Gin Lane 1751 Victoria Pink Gin Review
A modern take on a Victorian gin.
Review Gin Lane 1751 Victoria Pink Gin
Made in: London, England by Bloomsbury Club Brands and Thames Distillers
Method: pot still
40% alcohol/80 proof
Botanicals 8: juniper, angelica, coriander, cassia bark, orris root, Sicilian lemon, Seville orange, star anise. PLUS there is an aromatic bitter added to the gin after distillation.
Style: Pink Gin
Note: This review is for a bottle from batch number 5.
Now you’ve probably seen the name Bloomsbury on several other bottles of gin recently, including one that bears that name as it’s own (I don’t think we have that one in the US though), but in recent years we’ve seen that name pop up on other bottles (including Tanqueray’s Bloomsbury which showed up recently in the US as a limited edition). So you might as well know why that name seems to be inspiring so many gin makers.
The Bloomsbury Set were a group of hedonistic intellectuals made up of well known artists, writers, and philosophers including Virginia Woolf, E.M Forrester, John Maynard Keynes, Roger Fry, Clive Bell, and more, who were together in the early part of the 20th century They were joined together by a belief in the importance of the arts, and they as a group had a big import on everything from modern feminism, sexuality, economics, literature, art and art criticism, and more. Needless to say they were an intellectual powerhouse of an informal group, BUT they were quite hedonistic and bohemian in their lifestyles and beliefs. They played hard, loved hard and drank hard.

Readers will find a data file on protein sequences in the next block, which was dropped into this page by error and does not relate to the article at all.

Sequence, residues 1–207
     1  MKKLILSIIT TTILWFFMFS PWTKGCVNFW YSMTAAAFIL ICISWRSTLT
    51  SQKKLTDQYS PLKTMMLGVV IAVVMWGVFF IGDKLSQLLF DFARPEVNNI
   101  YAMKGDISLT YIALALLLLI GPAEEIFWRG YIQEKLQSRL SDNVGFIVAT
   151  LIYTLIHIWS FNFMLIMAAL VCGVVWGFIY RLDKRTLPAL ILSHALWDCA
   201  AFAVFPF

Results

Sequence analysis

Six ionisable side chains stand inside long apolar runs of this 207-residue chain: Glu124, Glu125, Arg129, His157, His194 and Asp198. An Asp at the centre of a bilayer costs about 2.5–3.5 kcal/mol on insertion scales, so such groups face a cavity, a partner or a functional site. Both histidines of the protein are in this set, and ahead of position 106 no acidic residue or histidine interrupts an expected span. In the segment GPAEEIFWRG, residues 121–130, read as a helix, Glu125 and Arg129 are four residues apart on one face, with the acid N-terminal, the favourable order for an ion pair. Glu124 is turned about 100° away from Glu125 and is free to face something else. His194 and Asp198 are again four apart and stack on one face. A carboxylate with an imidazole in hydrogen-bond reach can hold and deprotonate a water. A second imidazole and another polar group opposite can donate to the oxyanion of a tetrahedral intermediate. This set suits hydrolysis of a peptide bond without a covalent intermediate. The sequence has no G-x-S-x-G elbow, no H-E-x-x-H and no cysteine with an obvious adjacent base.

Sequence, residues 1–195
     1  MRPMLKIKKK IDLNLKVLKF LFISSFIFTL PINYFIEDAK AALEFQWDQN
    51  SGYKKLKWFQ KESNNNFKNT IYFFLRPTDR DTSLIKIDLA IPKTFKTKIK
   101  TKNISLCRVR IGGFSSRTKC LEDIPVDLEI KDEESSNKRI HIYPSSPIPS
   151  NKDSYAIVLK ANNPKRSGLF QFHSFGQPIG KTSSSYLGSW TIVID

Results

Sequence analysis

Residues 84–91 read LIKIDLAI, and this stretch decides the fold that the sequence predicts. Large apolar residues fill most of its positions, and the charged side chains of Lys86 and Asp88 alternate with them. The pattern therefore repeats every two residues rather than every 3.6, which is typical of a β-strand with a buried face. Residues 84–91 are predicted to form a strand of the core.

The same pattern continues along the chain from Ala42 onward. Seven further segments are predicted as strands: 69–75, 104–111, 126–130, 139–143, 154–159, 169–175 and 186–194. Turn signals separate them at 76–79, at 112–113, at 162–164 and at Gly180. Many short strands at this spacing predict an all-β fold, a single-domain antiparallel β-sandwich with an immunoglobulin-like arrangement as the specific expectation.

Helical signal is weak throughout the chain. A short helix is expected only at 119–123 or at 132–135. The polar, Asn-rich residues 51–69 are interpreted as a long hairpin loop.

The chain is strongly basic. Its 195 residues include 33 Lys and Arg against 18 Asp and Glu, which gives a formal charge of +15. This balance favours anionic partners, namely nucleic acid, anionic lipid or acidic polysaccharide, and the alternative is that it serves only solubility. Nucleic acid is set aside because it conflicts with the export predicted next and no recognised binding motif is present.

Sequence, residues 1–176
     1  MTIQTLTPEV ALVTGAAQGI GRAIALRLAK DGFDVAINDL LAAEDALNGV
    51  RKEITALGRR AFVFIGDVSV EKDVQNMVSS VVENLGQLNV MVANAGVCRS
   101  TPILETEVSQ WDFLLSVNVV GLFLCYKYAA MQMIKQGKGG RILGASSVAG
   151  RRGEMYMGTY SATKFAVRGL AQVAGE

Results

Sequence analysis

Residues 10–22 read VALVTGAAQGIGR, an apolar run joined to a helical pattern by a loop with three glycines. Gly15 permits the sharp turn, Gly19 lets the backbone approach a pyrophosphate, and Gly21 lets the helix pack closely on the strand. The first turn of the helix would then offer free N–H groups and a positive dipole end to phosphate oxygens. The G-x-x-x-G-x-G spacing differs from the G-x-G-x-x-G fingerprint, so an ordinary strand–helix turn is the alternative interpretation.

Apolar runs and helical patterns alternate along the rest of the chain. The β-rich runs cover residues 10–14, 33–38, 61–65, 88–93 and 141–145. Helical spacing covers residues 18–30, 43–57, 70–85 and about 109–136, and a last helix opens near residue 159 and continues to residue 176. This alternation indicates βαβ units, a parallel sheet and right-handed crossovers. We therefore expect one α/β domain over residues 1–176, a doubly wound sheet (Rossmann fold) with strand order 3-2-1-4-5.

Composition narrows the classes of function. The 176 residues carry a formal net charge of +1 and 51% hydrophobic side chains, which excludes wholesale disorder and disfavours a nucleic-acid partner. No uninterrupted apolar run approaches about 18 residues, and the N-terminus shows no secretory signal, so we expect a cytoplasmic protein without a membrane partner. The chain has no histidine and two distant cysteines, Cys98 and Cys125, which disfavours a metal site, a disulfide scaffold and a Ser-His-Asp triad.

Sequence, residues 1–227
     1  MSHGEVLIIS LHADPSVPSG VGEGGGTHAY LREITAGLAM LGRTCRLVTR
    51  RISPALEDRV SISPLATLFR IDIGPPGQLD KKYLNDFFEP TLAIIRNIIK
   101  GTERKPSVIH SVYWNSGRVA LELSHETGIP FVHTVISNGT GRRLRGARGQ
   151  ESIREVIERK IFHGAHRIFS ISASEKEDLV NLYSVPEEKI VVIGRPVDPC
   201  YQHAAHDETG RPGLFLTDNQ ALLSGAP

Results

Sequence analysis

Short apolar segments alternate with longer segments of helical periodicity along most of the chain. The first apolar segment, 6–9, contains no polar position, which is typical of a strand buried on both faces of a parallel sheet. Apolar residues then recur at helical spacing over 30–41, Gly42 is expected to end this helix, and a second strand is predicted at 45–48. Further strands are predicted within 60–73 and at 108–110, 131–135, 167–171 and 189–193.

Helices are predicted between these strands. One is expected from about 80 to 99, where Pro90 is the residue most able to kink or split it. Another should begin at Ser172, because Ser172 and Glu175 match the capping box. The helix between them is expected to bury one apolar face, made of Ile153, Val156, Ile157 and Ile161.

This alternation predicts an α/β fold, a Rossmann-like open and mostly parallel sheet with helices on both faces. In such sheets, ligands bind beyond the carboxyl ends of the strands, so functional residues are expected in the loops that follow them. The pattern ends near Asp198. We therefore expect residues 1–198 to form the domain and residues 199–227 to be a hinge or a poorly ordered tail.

Today the Bloomsbury Club brings us a line of Victoria Lane 1751 gins - named after the Gin act of 1751 - which I won’t go into here, but ultimately lead to better quality gin being produced. This one is the pink style - and don’t confuse that with sweet, because it certainly is not.
Pink gin. Yeah. Pink gin. This is very different from the gins, made with pea blossoms that change into a beautiful pink color like Empress 1908 when mixed with tonic (or citrus, etc). Pink gin is just gin with bitters mixed in, adding in a different flavor component, and obviously a different color into the gin. Now you can grab your own bottle of gin at home and mix in a little bit of bitters to make your own pink gin (I’m rather fond of celery bitters, or burnt lemon bitters in my own gin), but this is a gin made to mix specifically with the bitters that Gin Lane’s distillers have chosen.
Other than that this is a fairly traditional gin, but with a nice little kick of spice. It’s a collaboration between Thames Distillers and it’s 8th generation master distiller, Charles Maxwell and the Bloomsbury Club, which aside from being located near Bloomsbury, England does not seem to have much to do with the Bloomsbury Set. While I can’t tell you if their gin really is made in the Victorian style as they claim, I can give you my opinion of what is in the bottle.
First off let me disabuse you of the notion that this is going to be a sweetened gin, it is not. It’s strong, sharp and very sippable. It’s strong but not overly hot and it has quite a pleasant although not complex flavor profile.
The aroma has a lot of orange in it and of course juniper and hints of angelica.